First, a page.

Stewards of the Sierra: Meet the owners of Carmel Gallery and Sorensen’s Resort

The President of the United States visited twice this summer to help preserve and protect the Sierra— from Lake Tahoe to Yosemite. When the President is not around, we can count on local business owners, political leaders and community members to help out. Meet some of them:

Elizabeth and Olof Carmel

Award-winning fine art photographers Elizabeth and Olof Carmel— whose work is featured in this issue, including the cover—have traveled throughout the world for over 30 years exploring and photographing the world’s landscapes.

Elizabeth’s prints have been displayed at the Smithsonian Museum in Washington D.C., and her work has been featured in many publications, from People magazine to Tahoe Quarterly. She also has published books of her photography.

In 2013, Elizabeth, a former land use planner with extensive experience in the Sierra, was appointed to the Tahoe Regional Planning Agency (TRPA) governing board by California Assembly Speaker John Perez. The seat is one of 14 voting positions on the board of TRPA, which leads the effort to preserve, restore and enhance the Lake Tahoe region. Her term ended this fall.

The UC-Berkeley environmental science graduate helped formulate Truckee’s first general and downtown plans, and she has worked as an advisor to the Sierra Business Council. Olof has worked as a backcountry ranger with the National Park Service in Yosemite, Denali, Glacier, Mt. Rainier and Rocky Mountain National Park.

The Carmels own and operate the Carmel Galleries in Truckee and Calistoga. They live in Truckee and Calistoga with their teenage daughter, Abbey. “I believe that great fine art photographs are a gateway to a larger perspective about ourselves and the universe we inhabit,” says Elizabeth.

John and Patty Brissenden

The Brissendens live in beautiful Hope Valley, home to Sorensen’s Resort, which they have owned for over 35 years. They have revitalized Sorensen’s, opened in 1926 by a Danish immigrant, into a year-round playground for outdoor lovers with cozy bed-and-breakfast cottages, fully outfitted cabins, even a wood-fired sauna.

Patty also is credited with helping found Friends of Hope Valley, which worked with other non-profit organizations to garner $25 million in state and federal funds to put 25,000 acres of private ranch lands into public ownership over a 10-year effort.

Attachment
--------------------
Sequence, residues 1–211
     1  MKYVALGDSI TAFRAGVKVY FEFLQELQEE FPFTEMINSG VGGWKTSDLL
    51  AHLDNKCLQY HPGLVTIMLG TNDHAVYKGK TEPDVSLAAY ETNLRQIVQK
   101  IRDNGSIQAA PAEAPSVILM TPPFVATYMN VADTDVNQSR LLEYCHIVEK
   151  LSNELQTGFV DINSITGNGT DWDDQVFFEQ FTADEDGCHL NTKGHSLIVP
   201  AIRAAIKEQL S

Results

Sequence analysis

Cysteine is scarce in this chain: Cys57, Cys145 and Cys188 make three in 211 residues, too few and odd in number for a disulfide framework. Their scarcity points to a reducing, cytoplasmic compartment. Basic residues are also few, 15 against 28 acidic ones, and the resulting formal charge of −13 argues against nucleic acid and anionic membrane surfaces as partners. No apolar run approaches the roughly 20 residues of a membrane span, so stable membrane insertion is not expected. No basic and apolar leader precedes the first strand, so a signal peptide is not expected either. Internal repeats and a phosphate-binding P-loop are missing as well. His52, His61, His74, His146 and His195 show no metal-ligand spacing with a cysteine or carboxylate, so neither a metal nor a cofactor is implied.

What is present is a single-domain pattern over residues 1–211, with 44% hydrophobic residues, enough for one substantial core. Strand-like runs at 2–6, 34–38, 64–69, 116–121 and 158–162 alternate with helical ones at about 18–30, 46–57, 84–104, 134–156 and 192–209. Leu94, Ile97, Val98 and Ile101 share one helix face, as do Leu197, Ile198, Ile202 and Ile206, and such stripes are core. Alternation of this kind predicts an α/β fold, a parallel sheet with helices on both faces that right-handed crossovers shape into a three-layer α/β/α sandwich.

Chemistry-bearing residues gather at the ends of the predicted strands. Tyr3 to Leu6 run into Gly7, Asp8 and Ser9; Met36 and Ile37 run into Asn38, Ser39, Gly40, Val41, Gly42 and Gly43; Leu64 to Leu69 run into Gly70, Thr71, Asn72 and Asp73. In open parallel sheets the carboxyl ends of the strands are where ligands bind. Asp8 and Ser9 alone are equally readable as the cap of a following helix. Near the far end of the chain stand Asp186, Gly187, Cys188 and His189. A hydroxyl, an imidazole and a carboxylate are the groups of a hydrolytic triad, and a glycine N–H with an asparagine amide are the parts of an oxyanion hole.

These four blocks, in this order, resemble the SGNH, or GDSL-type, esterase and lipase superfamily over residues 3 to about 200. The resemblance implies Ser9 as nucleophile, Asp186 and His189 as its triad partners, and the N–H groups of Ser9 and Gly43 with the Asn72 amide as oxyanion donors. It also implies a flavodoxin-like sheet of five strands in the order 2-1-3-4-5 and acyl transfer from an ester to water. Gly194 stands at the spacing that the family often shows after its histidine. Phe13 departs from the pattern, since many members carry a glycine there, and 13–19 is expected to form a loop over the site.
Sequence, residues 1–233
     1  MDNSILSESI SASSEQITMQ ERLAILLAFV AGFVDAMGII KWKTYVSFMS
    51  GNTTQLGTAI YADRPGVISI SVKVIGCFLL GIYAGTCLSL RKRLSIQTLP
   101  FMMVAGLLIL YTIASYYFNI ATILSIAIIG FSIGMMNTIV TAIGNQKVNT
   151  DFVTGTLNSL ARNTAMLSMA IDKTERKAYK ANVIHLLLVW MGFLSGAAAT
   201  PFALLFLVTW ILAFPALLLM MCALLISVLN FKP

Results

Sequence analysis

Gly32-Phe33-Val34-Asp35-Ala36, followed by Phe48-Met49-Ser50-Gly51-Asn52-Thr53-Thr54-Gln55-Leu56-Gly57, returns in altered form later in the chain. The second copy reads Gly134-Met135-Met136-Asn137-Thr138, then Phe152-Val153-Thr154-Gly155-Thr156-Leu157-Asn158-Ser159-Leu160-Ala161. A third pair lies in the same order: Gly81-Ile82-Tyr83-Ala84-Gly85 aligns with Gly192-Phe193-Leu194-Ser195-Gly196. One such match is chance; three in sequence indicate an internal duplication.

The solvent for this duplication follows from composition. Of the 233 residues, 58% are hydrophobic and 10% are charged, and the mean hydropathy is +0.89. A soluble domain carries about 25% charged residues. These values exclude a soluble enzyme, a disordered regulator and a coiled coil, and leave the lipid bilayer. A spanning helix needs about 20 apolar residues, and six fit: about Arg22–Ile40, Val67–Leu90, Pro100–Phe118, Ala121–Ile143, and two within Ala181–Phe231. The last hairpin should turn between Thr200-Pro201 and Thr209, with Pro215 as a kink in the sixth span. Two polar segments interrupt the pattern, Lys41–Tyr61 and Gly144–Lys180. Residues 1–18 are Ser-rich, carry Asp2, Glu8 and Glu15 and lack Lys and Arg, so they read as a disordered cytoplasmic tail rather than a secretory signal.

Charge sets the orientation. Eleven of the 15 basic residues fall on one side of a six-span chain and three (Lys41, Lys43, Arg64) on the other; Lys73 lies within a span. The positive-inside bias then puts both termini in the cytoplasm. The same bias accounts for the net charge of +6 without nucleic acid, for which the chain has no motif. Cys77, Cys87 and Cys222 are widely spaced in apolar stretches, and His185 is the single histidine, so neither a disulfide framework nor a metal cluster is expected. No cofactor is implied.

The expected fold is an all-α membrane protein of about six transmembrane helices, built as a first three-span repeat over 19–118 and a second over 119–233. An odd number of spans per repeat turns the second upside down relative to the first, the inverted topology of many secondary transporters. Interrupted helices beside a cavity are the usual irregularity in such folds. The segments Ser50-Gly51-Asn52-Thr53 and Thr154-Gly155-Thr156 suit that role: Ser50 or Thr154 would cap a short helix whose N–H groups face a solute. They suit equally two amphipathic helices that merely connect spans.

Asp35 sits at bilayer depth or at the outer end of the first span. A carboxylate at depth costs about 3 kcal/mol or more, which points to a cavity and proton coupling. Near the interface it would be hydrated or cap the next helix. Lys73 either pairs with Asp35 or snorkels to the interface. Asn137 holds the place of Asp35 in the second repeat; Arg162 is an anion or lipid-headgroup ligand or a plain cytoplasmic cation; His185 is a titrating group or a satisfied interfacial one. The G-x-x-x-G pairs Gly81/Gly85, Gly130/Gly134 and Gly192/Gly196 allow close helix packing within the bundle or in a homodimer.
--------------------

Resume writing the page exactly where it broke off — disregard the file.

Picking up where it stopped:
She is founder and former board member/chair of the Sierra Nevada Alliance and serves as former chair and board member of The Sierra Fund.

John was elected to the Alpine County Board of Supervisors. He serves on the Sierra Nevada Conservancy. Before moving to the Sierra, John and Patty lived in Santa Cruz County, where John was field representative to Congressman Leon Panetta, and he helped with the founding of the Land Trust of Santa Cruz County. Patty served as the chief of staff to then Assemblymember Sam Farr (now a Congressman).

During a year-long sojourn in Washington D.C. in the early 1990s, John and Patty volunteered for the Clinton White House. The Brissendens met with President Obama when he spoke at the Tahoe Summit this summer. “Our Hope Valley home remains an immense amount of enjoyment,” says John. “Our guests continue to inspire us to preserve and protect this special area of the Sierra.”

Keep Tahoe Blue

Like the President’s visit to Yosemite, his trip to Lake Tahoe provided another vivid example of the challenges posed by climate change. In 2015, Tahoe experienced its warmest water temperature ever recorded, and the West experienced its worst drought in over 1,500 years. The actions announced at the Summit included:
• $29.5 million for hazardous fuels reduction to deter the threat of catastrophic wildfires.
• $4 million for creek restoration projects in the Truckee River watershed.
• $230,000 for infrastructure to reduce storm water runoff in the region.

Yuba Blue

Thousands of abandoned gold mines in the Sierra threaten California’s water supply. Elizabeth “Izzy” Martin, chief executive of The Sierra Fund in Nevada City, has received a $200,000 leadership award from the James Irvine Foundation to tackle the challenge. This includes:
• Identifying sources of mine contamination and applying new technology for safe cleanup.
• Informing the public about exposure risks and how to protect itself from mining toxins.
• Generating added funding to clean up old mines.

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